May 16 Local lawmakers in Florida's Miami-Dade
County on Thursday queried details of a planned $12.6 billion
reconstruction of the county's run-down water and sewer system
in a bid to counter swelling opposition to fee hikes tied to the
The same county legislators in April gave preliminary
approval for issuance of $4.25 billion of water revenue bonds
for repairs and improvements of 7,500 miles of sewer lines and
more than 1,000 pumping stations.
But on Thursday they held a special meeting to quiz county
administrators on proposed rate rises and possible alternatives
to the hikes. The unusual session was called by Commission
Chairwoman Rebeca Sosa, who on Tuesday cut short consideration
by a commission committee of the bond program.
Commissioners, including some responding to complaints from
constituents over raising fees unchanged for three years, and
Miami-Dade voters needed more information about the sewer
project and its financing, Sosa said.
Home to the City of Miami and Florida's most populous county
with 2.6 million residents, Miami-Dade has some of the lowest
water rates in America but is negotiating with the U.S.
government over fixing its mishap-prone system.
The federal government late last year sued Miami-Dade,
alleging it was violating the Clean Water Act. Environmental
activists this week won the right from a judge to join the
In 2010, a sewer pipe burst spilling an estimated 20 million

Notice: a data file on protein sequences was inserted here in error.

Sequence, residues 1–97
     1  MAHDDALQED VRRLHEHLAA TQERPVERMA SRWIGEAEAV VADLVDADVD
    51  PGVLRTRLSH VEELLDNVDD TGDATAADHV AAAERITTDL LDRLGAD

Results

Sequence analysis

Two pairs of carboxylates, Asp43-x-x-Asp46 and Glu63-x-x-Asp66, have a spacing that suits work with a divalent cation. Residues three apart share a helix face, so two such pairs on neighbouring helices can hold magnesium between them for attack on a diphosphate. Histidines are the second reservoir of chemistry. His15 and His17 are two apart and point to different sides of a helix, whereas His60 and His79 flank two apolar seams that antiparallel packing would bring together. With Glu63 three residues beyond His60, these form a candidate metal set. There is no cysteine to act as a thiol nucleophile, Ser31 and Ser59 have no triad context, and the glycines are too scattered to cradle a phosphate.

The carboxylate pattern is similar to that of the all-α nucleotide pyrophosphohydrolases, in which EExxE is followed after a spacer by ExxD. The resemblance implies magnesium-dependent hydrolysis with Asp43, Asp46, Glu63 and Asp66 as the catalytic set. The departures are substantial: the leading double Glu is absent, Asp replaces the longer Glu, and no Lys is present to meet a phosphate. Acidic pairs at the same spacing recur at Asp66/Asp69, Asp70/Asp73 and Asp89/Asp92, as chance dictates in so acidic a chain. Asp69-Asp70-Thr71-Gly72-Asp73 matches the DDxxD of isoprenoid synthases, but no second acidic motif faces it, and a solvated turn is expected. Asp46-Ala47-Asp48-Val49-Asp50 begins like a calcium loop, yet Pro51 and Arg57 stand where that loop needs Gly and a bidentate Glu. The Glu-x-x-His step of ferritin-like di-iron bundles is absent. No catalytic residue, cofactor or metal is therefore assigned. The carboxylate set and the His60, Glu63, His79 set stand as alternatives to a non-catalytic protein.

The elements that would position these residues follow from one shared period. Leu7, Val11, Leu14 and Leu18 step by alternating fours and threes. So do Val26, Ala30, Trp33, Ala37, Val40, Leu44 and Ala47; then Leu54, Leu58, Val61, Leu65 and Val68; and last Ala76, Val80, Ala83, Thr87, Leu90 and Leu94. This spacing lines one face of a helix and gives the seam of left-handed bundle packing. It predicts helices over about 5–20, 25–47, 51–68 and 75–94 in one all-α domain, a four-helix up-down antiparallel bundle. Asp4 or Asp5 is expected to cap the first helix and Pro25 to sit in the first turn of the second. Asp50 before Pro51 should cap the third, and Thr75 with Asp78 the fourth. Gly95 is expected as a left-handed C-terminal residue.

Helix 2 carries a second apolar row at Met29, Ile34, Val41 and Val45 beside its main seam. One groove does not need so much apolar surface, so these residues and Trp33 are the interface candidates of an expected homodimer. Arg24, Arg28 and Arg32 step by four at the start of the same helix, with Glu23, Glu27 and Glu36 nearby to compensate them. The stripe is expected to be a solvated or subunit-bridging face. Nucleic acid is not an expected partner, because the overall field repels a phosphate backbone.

gallons of raw sewage into Biscayne Bay adjacent to Miami's
high-rise towers and other waterways.
"Hardly a month goes by that we don't have something burst,"
County Commissioner Esteban Bovo said on Thursday.
Miami-Dade officials told the county legislators on Thursday
that residents paying an average $125 a quarter for sewer and
water service would likely see rates rise by a third over the
first five years of the renovations.
County commissioners urged Miami-Dade Mayor Carlos Gimenez
to consider seeking private investors to fund water treatment
plants and a rise in local hotel taxes mostly paid by tourists
as ways to reduce the rate increases.
Miami-Dade has until June 24 to sign off on a consent decree
with the federal government committing the county to the 15-year
Several of the county commissioners, who are scheduled to
take up the proposed consent decree on Tuesday, said during the
meeting on Thursday that the water and sewer system had to be
fixed both for public health and to ensure economic growth.